Stravinsky's The Rite of Spring in Concert at NEC


Conductor Hugh Wolff and the New England Conservatory Philharmonia mark the centenary of Igor Stravinsky's The Rite of Spring at Jordan Hall in Boston.

To hear the concert, click on "Listen" above.

May 29, 1913, marks a turning point in the history of music and of culture in general. Igor Stravinsky's The Rite of Spring was performed for the first time, supporting the choreography of Vaslav Nijinsky in a production of Serge Diaghilev's Ballets Russes.

The story of its riotous premiere and aftermath is a great story worthy of more exploration. Here in Boston, the NEC Philharmonia commemorated the centenary with a concert that also included Robert Schumann's Symphony No. 1, the "Spring" Symphony, and the "Polovtsian Dances" from Alexander Borodin's Prince Igor

On April 15, the rehearsal process was interrupted by the bombing at the Boston Marathon, an event that indelibly colored the experience of The Rite of Spring.

Join host James David Jacobs for an exploration of that experience through reflections by NEC students and conductor Hugh Wolff, who wrote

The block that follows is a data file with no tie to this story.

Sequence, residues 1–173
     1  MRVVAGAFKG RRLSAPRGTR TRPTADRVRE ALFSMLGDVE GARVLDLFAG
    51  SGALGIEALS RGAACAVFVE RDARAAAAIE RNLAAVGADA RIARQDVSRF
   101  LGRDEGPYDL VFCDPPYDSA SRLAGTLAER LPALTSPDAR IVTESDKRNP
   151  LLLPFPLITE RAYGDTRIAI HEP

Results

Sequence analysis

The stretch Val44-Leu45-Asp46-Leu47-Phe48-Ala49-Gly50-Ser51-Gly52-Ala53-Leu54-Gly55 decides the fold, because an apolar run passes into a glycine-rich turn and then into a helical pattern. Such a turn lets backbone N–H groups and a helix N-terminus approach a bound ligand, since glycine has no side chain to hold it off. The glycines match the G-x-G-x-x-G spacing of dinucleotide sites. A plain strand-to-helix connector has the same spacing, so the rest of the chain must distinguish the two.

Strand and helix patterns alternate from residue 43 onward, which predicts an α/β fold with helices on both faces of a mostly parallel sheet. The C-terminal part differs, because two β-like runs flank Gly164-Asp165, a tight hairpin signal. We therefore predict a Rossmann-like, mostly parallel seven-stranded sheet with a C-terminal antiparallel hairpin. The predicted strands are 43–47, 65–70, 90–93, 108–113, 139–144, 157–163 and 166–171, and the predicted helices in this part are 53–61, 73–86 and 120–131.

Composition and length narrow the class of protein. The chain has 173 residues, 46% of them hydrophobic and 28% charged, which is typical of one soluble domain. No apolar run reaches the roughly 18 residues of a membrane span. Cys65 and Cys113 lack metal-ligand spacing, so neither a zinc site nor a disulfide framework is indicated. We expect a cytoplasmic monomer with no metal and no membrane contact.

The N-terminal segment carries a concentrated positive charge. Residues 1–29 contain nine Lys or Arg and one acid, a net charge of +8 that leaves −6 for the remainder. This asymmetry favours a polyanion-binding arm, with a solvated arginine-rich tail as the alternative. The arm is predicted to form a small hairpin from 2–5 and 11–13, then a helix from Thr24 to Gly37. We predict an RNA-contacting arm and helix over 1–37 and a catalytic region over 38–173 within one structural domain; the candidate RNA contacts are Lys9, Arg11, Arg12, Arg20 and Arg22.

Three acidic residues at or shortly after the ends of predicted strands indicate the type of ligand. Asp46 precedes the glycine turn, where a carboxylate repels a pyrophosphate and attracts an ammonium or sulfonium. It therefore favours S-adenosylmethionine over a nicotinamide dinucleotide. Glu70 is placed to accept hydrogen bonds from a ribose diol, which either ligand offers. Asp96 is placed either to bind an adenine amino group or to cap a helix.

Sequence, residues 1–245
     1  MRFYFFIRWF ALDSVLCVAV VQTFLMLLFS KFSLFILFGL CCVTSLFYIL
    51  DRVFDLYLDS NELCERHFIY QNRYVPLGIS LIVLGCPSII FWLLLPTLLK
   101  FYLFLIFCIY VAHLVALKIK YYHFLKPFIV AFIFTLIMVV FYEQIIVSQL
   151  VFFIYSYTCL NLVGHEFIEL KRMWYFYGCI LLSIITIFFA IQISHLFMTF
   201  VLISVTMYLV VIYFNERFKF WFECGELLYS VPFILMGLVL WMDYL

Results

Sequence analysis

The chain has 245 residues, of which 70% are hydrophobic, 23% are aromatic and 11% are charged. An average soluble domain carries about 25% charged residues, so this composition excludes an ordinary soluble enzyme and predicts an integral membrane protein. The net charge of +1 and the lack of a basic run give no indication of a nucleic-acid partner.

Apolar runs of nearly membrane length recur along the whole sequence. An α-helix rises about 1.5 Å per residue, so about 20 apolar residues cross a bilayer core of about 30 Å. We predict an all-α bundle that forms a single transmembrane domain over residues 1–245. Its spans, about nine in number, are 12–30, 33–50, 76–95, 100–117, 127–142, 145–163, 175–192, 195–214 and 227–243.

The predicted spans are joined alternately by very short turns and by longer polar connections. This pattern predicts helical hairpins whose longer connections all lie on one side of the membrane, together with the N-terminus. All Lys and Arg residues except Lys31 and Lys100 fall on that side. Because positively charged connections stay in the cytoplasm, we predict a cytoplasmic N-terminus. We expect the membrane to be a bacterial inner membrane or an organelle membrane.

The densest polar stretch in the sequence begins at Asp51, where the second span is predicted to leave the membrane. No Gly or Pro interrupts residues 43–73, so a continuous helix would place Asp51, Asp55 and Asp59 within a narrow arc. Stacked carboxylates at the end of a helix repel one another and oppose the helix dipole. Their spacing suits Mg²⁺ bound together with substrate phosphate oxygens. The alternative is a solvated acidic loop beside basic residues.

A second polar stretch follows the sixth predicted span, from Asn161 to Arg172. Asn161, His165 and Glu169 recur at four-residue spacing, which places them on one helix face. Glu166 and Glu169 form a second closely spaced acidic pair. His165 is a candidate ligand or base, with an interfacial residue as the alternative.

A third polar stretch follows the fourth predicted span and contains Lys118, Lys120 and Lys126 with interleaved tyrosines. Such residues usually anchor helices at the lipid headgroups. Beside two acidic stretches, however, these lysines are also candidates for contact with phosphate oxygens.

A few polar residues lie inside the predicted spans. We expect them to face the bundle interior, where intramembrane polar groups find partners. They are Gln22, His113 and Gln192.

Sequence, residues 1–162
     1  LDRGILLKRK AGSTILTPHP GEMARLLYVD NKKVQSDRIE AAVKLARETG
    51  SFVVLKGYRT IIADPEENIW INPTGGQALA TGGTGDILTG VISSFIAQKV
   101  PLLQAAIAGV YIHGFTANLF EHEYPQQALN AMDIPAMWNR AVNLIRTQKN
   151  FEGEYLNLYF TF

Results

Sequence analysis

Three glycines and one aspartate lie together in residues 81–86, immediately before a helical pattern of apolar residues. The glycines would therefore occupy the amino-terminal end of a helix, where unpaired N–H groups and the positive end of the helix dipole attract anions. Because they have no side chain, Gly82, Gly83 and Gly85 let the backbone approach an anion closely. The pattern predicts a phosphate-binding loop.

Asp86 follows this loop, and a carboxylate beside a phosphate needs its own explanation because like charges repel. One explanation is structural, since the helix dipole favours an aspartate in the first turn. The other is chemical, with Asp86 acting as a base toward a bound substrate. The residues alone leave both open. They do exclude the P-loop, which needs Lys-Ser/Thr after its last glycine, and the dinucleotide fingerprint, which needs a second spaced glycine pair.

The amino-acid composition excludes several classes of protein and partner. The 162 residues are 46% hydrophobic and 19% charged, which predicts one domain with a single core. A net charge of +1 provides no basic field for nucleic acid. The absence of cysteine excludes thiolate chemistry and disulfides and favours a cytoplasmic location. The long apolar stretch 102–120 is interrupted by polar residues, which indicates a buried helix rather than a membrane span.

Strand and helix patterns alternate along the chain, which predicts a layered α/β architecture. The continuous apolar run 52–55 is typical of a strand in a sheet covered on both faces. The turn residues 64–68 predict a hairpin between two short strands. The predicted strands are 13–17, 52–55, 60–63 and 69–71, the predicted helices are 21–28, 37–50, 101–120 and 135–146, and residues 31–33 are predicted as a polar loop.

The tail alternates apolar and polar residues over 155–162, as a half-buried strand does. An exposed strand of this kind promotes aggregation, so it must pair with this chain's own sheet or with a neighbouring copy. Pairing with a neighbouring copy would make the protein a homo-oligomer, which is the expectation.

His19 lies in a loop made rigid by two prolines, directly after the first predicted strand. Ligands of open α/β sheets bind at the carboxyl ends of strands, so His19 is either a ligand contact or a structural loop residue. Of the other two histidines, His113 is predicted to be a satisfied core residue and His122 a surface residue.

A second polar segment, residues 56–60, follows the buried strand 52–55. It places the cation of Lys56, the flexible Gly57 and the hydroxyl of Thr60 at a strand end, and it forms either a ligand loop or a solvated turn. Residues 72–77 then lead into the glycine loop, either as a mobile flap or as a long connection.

The morning of April 15, we rehearsed as usual: students with cups of coffee fighting early morning fatigue and the end-of-school-year work crunch. When we reconvened on April 17, our world felt altered. We were gripped by an unusual anxiety.

This wasn’t about practicing and recitals and exams, this was about life and death. Our musical world had shrunk in significance, crowded out by the harsh reality on the city’s streets. What does a concert mean when life and limbs have been lost in act of violence just blocks away? Why were we doing this? Did it matter?

As I looked over the sea of young faces that morning, I felt their worry and their distraction, so I asked them to consider the point of creating art. Why does art matter? Art is often about creating beauty. Creating beauty affirms the best in the human spirit. But art also holds a mirror up, reflecting even what is repugnant.

As musicians, we don’t expect to alter political discourse or prevent tragedies like the Marathon bombing. But we can, each of us incrementally, add beauty to the world and help tip the balance away from the horrible. We can be a collective conscience, raising voices together, acknowledging human failure, and aspiring to something better, something larger than ourselves.

To hear the concert, click on "Listen" above.


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